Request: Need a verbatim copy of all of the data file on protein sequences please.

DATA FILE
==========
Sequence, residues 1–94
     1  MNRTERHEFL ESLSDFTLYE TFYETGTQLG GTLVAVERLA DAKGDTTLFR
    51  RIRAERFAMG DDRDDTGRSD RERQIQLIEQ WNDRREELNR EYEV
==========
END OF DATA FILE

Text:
Sequence, residues 1–94
     1  MNRTERHEFL ESLSDFTLYE TFYETGTQLG GTLVAVERLA DAKGDTTLFR
    51  RIRAERFAMG DDRDDTGRSD RERQIQLIEQ WNDRREELNR EYEV